Georgia Secretary of State Guidance Prohibits Early Voting on the Saturday After Thanksgiving

WASHINGTON, D.C. — On Saturday, Nov. 12, the Georgia secretary of state’s office sent guidance to county elections officials about the expected timeline for early voting for the upcoming runoff election, prohibiting voting on the Saturday after Thanksgiving despite stating otherwise in the days prior. During the Nov. 8 midterm elections, neither Sen. Raphael Warnock (D-Ga.) nor his Republican challenger Herschel Walker garnered over 50% of the vote total, sending the two candidates to a runoff election on Dec. 6, 2022. Following the 2020 election, Warnock similarly faced a close Senate runoff that took place in early January 2021. In the interceding year, the Republican-controlled Legislature changed the timeframe for a runoff election in Senate Bill 202, moving the runoff date from early January (on the Tuesday of the ninth week following the general election) to early December (on the 28th day after the general election). 

The recent guidance states that advance voting — the terminology Georgia uses for early in-person voting — “must begin as soon as possible prior to the runoff [on Dec. 6, 2022] and no later than Monday, November 28th.” Notably, counties can hold advance voting prior to Thanksgiving, but not on Thanksgiving Day (Thursday, Nov. 24) or the day after Thanksgiving (Friday, Nov. 25) in observance of the state holiday. Curiously, the guidance also states that counties are prohibited from holding advance voting on Saturday, Nov. 26. The relevant section of state law (included in Senate Bill 199, passed by the Georgia Legislature in 2016) reads: “if such second Saturday follows a public and legal holiday occurring on the Thursday or Friday immediately preceding such second Saturday…such advance voting shall not be held on such second Saturday.” The terminology “second Saturday” refers to the Saturday two weeks prior to a given election.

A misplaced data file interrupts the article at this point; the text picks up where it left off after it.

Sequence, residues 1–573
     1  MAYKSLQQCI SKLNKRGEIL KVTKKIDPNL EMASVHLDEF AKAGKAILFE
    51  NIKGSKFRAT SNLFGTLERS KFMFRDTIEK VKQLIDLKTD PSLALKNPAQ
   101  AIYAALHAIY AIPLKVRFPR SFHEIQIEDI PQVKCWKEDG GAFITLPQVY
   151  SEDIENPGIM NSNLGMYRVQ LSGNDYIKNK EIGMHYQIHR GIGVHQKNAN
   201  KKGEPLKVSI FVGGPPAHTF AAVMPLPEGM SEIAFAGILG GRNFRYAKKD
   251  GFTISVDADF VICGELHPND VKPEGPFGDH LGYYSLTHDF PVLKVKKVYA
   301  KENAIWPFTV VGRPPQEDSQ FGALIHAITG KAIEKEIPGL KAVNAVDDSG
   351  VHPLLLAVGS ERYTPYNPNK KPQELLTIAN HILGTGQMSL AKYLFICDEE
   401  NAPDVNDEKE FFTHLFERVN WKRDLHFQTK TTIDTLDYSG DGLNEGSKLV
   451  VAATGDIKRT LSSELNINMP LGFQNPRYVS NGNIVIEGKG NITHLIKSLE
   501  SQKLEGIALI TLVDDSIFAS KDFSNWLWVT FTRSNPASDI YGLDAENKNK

Despite this statutory language, the secretary of state’s office was publicly giving conflicting messages just days prior to the guidance. During a news conference on Nov. 9, Georgia Secretary of State Brad Raffensperger (R) stated that “some counties may likely have Saturday voting following Thanksgiving.” Similarly, on that same day, Gabriel Sterling, the secretary of state’s chief operating officer, reiterated on CNN that “there’s a very good possibility we will probably have voting on Saturday Nov. 26 in many of the counties if they so choose.” According to the Atlanta-Journal-Constitution, the secretary of state’s office claims it was unfamiliar with the law until later on. “We all thought there was going to be Saturday voting until we looked at the law really closely,” said Sterling. The American Civil Liberties Union of Georgia disagrees with the office’s interpretation of state law.

Read the guidance here.